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The Value of Friends
(...are they worth more than you realize?).

If asked, we would all probably agree that having friendships is very important and not only is important, but it’s usually fun, right? I mean, we have the opportunity to talk about the latest guy or girl we like, we get to go do things with our friends, they make us laugh and feel special and accepted.

But is that what being friends is all about? Chatting about relationships and laughing? Or does being a friend mean something else, too – does it carry special responsibilities? I think that when we say that we’re a friend to someone, then we need to do all we can to help make sure our friend is safe and happy. Being a friend, to me, means asking if our friend are okay and genuinely trying to help them through tough times.

One of the hardest parts of being a friend is being sworn to secrecy and then being told something that our friends are being deliberately hurt by someone (such as being abused) or that they are choosing to do something that is dangerous to themselves (such as drugs). We've sworn not to tell but our hearts know that the situation they are in is bad and dangerous.

What do we do?
We don’t want to risk having them get angry at us and ending the friendship and yet it’s tough going through each day knowing that they are being raped or hit or turning to cocaine or ecstasy. We don’t want to lose their trust or make it a bigger deal than it maybe really is but we also don’t want to wonder about whether or not our choice to remain silent is the right one. From everything in my life, to all the troubles I have heard from other people, I can say that true friends find the courage to talk, to reveal those dangerous secrets.

Whether they are aware of it or not, people who tell friends about the serious situations they are in, are asking for help. People who do drugs usually do not try to hide that fact from anyone but the police and their parents. Their friends, though, usually know that they are on drugs. The friend who told the others the situation did so because they really want help.

Why don’t they come out and say they need help, then?
It’s kind of hard to grasp, but people who are in dangerous situations often don’t really believe anyone cares about them and/or they don’t believe that they can be helped. It may also be that they are afraid of having their parents find out the truth. Sometimes when we’re really, really hurting we can’t help ourselves. We try to by saying, "My dad does stuff to me" or "Yeah, I do all kinds of drugs at the raves" or "My boyfriend gets mad easily" or by letting the cuts we’ve made on ourselves visible to other people. We try to help ourselves but sometimes we can’t because it feels as though fear of the unknown has us caged. So, because we can’t pull ourselves up into the healing light, we can only hope that our friends will help us.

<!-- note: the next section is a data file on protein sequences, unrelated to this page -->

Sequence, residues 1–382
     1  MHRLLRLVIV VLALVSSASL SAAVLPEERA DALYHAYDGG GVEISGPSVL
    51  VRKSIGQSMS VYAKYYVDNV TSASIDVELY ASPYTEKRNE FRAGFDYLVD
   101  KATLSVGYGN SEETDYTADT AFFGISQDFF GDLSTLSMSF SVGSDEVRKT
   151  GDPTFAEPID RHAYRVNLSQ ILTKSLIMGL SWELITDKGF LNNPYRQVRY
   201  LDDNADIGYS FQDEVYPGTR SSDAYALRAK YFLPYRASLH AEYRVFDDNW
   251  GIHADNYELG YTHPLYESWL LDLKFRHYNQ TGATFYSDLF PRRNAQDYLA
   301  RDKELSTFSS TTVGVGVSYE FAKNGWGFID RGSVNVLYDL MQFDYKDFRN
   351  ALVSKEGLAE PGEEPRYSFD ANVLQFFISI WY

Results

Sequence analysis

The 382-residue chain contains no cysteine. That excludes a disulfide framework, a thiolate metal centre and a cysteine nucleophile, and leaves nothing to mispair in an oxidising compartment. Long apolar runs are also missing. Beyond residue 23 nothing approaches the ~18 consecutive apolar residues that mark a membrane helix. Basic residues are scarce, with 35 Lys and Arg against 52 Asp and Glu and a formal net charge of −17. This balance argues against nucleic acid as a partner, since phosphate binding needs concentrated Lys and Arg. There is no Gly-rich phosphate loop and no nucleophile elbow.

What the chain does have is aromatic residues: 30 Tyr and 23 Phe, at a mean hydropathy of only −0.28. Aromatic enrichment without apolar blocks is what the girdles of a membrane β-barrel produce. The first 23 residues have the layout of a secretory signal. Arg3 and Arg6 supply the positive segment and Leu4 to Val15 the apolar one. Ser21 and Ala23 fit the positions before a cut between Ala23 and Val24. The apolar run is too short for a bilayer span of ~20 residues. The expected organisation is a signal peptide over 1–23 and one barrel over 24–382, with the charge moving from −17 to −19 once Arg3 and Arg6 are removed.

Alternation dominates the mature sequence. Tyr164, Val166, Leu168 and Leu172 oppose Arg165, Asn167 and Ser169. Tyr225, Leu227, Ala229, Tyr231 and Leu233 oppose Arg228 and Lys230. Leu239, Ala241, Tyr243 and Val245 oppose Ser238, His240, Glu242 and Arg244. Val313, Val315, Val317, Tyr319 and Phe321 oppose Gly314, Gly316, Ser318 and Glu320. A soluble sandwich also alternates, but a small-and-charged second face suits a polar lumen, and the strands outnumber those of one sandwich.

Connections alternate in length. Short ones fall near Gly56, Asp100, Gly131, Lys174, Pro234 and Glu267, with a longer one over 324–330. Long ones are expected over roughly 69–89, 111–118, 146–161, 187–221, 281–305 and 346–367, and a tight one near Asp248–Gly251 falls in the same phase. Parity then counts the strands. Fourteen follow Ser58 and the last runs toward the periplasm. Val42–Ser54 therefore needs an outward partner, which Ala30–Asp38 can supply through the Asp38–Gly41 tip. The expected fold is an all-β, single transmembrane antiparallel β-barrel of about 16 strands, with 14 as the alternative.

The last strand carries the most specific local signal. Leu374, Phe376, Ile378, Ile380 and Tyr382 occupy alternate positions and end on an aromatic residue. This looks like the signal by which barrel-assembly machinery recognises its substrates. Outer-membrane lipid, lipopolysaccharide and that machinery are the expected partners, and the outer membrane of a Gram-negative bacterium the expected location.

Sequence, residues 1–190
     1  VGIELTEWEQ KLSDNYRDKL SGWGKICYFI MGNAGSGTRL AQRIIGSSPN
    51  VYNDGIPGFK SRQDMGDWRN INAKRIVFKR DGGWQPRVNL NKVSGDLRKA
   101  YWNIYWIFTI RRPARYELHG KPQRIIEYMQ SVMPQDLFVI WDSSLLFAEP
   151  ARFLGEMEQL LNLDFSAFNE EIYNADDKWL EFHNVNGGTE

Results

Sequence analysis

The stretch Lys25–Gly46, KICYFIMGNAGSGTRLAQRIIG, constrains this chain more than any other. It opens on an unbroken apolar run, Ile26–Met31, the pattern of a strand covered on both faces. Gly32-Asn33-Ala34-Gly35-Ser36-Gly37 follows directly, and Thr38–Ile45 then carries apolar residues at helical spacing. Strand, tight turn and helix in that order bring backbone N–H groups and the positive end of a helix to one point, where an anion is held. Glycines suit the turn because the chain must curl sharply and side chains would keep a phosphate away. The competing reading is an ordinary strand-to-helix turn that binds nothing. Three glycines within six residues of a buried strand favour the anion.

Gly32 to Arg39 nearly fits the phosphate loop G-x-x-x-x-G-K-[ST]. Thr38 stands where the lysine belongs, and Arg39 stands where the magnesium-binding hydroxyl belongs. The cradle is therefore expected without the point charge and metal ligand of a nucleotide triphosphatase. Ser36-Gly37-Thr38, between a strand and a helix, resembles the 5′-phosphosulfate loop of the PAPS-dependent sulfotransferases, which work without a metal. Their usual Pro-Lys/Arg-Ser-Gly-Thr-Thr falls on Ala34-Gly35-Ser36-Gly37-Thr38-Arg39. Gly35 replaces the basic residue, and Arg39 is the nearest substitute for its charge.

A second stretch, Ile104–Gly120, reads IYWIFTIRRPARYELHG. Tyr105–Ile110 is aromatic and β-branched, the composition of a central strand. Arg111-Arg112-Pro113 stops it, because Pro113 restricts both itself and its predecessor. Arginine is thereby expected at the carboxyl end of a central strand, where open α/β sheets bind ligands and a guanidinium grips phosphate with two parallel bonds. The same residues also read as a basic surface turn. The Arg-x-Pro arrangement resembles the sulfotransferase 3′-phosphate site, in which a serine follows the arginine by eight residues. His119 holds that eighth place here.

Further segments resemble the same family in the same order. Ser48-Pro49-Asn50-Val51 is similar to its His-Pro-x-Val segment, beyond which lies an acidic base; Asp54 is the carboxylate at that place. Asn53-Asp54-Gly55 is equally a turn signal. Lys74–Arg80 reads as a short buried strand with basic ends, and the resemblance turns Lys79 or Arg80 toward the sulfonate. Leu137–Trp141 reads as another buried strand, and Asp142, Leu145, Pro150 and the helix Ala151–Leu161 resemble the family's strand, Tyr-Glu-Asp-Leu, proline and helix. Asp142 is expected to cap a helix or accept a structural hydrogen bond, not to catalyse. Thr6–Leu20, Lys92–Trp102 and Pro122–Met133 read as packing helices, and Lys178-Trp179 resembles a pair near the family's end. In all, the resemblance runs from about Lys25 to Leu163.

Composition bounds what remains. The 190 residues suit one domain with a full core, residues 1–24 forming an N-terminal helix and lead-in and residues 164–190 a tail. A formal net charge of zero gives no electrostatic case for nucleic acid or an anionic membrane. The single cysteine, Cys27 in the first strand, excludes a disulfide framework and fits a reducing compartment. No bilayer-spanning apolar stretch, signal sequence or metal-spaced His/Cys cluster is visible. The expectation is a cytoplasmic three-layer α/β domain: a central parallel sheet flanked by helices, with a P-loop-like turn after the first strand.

Once we, as friends, decide that the secret we’ve been told must be told, the next step is actually telling someone. Sometimes it’s as easy as going to your school counselor or youth minister, but sometimes we have to tell our parents the problem and let them take it from there. Our friends may become angry at first and may say things that they really don’t mean. Some may even end the friendship but the real question that we need to ask ourselves is, "Would I rather lose the friendship or their life?" because if the secrets involves self-harm, drugs, abuse or activity that we know is dangerous, then if it’s not stopped, it will eventually take their life, or their spirit.

Being a true friend, then, means putting their well-being above even the friendship because in the long run, it will save a life. Not only that but you will know that you cared enough about your friend to do something (talk) that was hard for you to do.

The Bible says that we are all brothers and sisters and we know that the ultimate act of love and friendship took place when Christ died on the cross for us. Likewise, today’s friendships may require some sacrifice but in the long run, we won’t have to live with regret and we’ll have played part in helping to show our friends the way back to health and happiness.